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  Directed by
  • Widescreen 1.85:1
  • English: Dolby Digital Stereo
  • None
  • 3 Deleted scenes - 2 with commentary
  • Theatrical trailer
  • Audio commentary - Cast & Crew
  • Photo gallery - Production art of Set Design, Trap Design & Production Design
  • 3 Storyboards - 2 with video comparisons


Universal/Universal . R4 . COLOR . 87 mins . M15+ . PAL


Cube is a low budget arthouse/first-time type film that's about a bunch of folk who try to escape from a mysterious prison/maze composed of thousands of interlinked booby trapped rooms. Trying to utilise their individual abilities to overcome their situation, they soon discover that the biggest problem may just be surviving each other.

This film, although a bit shaky in the script department, has quite a bit going for it. A low budget, quickly filmed (it was shot in about 21 days) with just the one set piece (the cube room) and a handful of nobody actors (some deservedly so), it's lean and mostly efficient at jumping right smack into the middle of things. There's no real setup, and no real payoff, and although this might annoy people who like their stories with a nice neat beginning-middle-end, this angle seems to work fairly well for me with this kind of flick.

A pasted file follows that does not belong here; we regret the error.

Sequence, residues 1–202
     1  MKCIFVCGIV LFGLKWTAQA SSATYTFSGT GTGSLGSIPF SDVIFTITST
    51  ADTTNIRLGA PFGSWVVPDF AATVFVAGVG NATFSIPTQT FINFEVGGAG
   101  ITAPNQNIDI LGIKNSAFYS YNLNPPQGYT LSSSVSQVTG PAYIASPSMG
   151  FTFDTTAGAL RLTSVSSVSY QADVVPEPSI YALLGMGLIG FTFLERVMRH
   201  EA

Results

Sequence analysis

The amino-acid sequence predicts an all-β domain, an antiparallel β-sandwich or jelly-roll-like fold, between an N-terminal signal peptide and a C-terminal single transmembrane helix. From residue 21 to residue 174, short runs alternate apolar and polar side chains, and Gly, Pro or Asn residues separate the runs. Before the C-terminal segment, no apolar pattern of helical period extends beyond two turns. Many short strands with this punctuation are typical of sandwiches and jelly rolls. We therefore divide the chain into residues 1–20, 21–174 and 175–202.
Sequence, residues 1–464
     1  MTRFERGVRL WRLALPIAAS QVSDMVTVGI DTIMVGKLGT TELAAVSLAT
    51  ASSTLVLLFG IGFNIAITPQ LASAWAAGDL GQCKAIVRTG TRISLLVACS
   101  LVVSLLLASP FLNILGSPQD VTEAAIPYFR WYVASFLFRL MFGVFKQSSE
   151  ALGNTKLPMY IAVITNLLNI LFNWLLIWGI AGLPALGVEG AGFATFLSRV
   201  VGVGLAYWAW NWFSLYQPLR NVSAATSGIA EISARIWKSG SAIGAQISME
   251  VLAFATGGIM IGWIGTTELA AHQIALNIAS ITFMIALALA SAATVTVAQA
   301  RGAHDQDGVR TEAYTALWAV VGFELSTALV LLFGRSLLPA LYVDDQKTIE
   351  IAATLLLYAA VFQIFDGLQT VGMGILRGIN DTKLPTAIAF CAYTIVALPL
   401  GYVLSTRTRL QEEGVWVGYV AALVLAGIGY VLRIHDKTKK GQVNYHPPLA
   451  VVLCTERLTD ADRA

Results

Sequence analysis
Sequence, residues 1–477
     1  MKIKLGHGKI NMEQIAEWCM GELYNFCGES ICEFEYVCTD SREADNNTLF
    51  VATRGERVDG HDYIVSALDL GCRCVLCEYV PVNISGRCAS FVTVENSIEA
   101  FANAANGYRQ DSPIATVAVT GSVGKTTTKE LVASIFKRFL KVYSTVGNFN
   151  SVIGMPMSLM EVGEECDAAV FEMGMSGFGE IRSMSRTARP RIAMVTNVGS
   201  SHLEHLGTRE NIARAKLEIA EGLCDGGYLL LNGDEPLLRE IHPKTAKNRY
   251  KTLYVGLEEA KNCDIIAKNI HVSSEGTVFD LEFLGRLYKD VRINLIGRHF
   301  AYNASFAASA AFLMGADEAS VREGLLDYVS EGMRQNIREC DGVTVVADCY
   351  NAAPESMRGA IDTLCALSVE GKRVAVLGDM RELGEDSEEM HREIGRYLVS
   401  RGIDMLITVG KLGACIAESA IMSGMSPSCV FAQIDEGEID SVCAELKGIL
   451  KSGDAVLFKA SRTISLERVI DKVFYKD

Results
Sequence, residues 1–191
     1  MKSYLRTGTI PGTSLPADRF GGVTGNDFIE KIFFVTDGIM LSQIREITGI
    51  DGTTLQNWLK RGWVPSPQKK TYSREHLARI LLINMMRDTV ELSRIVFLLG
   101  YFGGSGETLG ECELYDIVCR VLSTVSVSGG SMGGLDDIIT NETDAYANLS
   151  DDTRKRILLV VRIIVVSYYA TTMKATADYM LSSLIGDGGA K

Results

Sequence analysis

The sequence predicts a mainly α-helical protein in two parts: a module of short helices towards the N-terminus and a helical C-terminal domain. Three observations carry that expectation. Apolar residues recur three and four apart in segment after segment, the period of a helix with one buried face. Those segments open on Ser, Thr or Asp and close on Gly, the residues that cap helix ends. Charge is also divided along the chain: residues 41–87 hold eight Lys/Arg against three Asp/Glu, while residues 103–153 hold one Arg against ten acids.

On the down side, someone should be ashamed of themselves for casting the cop character. He has the dramatic range of an avocado and clearly thought that to be menacing you have to hiss out your lines in a low whisper, as in "…hisssssss... I'm a bad baaad boy... hisssssssss…" His surprised/shocked/scared face has him looking like he can't decide whether or not someone has kicked him in the nuts. Also, the autistic-savant character is sooo much a rip off of Dustin Hoffman's Rain Man act that you can't help but make the comparison. Oddly enough, in the commentary they mention that no-one seems to have made this connection. Maybe they should have spoken to a few more people? On the whole though, even though I felt the script was extremely weak with the character dialogue, the stronger actors were smart enough to let the set do most of the talking.